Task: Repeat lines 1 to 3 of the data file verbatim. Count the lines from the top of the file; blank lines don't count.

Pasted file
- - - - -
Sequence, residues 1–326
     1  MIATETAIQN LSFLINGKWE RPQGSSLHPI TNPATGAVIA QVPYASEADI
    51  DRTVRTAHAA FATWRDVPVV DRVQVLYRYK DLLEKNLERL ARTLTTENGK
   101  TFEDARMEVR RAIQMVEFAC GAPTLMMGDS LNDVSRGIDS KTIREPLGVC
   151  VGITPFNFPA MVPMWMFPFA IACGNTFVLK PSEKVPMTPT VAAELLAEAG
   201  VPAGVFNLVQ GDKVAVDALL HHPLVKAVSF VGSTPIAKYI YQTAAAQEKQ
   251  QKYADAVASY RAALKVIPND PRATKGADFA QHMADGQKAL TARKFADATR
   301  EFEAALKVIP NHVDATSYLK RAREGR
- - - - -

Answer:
Sequence, residues 1–326
     1  MIATETAIQN LSFLINGKWE RPQGSSLHPI TNPATGAVIA QVPYASEADI
    51  DRTVRTAHAA FATWRDVPVV DRVQVLYRYK DLLEKNLERL ARTLTTENGK